People with dementia must help develop smart assistants
Smart assistants could help people living with dementia stay in their homes for longer – if they are allowed to get more involved in the development of the technology, says a new study.
New research released from the Institution of Mechanical Engineers suggests that developing new virtual assistant technologies, such as Amazon Echo, should involve dementia sufferers, their carers and the NHS.
With the number of people living with dementia in the UK set to double by 2040, these technologies are becoming increasingly important as the range of help they can offer expands and the need for support threatens to overwhelm purely human-provided help.
However, there has been little research into the development and systematic deployment of these tools to support patients and their carers.
In a new report ‘Engineering and Dementia: The Use of Intelligent Assistive Technologies’, the Institution of Mechanical Engineers calls for a new regulatory framework to improve the robustness of research and the speed of clinical testing of Intelligent Assistive Technologies (IATs).
These IATs include voice control of communication devices such as phones, safety monitors which can remind patients to take medication and find people who have become lost by using exit sensors and GPS trackers.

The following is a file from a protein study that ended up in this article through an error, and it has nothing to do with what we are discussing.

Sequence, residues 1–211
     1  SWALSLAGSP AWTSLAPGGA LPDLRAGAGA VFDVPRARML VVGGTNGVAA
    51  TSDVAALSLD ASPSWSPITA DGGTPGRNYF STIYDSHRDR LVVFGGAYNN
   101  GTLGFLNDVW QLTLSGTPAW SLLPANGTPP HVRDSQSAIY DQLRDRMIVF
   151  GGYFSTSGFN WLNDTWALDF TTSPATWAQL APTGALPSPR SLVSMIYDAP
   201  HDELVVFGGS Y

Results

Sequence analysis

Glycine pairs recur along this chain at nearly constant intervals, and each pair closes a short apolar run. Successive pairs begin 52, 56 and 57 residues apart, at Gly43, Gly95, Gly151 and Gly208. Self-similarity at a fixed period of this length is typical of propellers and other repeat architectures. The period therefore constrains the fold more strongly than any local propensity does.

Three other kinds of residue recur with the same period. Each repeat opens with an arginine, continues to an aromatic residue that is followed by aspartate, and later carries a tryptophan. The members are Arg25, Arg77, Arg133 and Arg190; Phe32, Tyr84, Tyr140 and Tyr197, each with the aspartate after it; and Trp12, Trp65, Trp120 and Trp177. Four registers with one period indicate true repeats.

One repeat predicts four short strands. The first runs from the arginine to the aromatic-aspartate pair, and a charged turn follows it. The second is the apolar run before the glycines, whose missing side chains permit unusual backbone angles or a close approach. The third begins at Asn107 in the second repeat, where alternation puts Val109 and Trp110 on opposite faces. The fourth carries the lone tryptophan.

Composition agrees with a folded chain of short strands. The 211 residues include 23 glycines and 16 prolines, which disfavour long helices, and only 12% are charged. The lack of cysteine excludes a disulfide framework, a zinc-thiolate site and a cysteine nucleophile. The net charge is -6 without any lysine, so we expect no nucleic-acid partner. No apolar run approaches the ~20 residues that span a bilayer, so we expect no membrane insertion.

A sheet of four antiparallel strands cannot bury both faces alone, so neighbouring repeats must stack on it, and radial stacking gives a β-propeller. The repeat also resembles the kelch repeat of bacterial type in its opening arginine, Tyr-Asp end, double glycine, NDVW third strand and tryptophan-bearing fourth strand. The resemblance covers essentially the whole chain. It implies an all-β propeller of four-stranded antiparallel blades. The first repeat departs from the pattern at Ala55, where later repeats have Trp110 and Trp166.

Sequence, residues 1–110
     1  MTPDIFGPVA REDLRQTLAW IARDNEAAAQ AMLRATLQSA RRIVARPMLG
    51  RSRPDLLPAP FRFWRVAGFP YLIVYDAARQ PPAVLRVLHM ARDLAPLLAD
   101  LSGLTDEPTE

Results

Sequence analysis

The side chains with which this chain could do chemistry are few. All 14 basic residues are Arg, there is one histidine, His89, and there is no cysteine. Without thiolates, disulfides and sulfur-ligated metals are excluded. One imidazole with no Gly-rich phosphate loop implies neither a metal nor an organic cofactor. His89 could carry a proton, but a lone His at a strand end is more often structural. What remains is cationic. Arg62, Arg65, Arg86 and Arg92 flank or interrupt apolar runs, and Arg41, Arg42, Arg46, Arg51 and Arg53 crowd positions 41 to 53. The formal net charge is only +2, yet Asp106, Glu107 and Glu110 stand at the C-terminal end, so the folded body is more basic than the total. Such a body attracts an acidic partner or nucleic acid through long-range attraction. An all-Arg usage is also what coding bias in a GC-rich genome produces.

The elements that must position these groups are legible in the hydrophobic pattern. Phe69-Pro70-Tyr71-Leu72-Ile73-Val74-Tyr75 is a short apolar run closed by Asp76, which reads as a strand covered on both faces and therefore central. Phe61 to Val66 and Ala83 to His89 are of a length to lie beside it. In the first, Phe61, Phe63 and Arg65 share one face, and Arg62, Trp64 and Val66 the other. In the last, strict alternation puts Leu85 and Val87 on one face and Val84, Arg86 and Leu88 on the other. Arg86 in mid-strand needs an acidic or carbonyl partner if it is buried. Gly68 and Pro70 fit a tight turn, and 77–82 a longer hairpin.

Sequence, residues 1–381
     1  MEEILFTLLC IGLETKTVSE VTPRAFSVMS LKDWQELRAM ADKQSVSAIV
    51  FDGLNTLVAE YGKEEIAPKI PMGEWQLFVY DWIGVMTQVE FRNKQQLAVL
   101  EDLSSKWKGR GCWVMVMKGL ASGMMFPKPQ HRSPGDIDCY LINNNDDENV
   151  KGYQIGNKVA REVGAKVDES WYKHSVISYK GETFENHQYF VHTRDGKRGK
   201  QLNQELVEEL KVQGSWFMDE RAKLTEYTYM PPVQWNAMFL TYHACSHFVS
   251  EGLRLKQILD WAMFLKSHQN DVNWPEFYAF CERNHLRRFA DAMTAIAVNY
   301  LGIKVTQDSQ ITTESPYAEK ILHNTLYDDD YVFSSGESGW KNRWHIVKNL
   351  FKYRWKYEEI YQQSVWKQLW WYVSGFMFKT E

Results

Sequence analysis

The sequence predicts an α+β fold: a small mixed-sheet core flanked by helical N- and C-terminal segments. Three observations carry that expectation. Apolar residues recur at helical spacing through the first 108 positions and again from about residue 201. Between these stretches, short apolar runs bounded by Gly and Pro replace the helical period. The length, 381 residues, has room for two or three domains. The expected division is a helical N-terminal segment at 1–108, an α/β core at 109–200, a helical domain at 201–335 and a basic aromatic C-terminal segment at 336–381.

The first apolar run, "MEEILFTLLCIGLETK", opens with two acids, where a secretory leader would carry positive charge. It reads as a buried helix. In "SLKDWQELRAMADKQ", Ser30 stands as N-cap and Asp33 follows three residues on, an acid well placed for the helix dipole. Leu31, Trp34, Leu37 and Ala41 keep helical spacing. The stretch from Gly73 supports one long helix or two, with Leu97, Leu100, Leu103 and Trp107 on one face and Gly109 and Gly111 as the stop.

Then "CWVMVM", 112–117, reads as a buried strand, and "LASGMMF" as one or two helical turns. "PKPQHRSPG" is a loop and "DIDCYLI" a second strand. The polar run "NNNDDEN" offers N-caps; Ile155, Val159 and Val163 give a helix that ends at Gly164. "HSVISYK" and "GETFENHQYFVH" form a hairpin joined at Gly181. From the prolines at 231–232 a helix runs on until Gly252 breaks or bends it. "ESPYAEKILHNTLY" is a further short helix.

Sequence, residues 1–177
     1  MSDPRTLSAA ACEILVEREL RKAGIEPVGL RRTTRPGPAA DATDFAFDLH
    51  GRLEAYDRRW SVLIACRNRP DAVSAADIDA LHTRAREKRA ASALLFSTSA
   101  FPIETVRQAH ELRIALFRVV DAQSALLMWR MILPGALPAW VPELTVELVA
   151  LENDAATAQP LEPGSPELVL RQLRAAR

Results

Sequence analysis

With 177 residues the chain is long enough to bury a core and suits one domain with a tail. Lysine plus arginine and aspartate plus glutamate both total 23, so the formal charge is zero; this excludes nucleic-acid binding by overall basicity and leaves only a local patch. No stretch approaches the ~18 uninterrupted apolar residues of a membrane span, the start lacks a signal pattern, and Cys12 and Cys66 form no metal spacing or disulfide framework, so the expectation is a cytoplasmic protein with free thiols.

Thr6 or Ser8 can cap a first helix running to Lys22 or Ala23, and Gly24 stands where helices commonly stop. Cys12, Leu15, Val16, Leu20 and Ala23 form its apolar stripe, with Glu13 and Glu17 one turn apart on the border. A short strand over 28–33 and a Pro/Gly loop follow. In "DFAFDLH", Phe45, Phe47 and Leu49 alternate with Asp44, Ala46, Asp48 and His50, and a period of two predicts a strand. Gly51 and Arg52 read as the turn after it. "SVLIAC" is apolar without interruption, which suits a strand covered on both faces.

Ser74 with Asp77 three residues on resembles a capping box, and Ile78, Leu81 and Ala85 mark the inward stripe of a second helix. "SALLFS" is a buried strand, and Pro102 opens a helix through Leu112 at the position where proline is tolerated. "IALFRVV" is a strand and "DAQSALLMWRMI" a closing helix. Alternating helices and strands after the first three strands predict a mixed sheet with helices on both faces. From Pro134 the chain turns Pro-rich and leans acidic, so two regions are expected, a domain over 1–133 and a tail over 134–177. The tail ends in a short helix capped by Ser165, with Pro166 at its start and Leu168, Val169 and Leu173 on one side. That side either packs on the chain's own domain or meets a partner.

“The introduction of these technologies to support dementia patients and their carers poses some significantly different and potentially unique challenges compared with other healthcare technologies,” said Graham Isaac, institution member and visiting professor at the University of Leeds, who led the development of this report.
“The technologies need to be compatible with a wide range of symptoms and must be adaptable as the condition will inevitably progress over time,” said Dr Helen Meese, trustee of the institution and medtech consultant.
The report builds on the ‘Healthy Homes’ study released by the institution earlier this year, looking into how the use of technology and innovation in smart homes will be the key to enabling people to be more active and stay in their homes for longer.
The key recommendations include that a Dementia Technology Advisory Board should be set up by 2019 to define and oversee the specification, development and introduction of ethically-sound and effective technology.
It suggested the Advisory Board should focus on promoting investment in healthcare infrastructure systems and ensuring designers and engineers involve all stakeholders in the development of appropriate devices including patients, carers, hospitals and care homes.
It also wants the board to investigate and clarify the ethical dimensions of these devices and ensure these issues are addressed in the early stage of product development.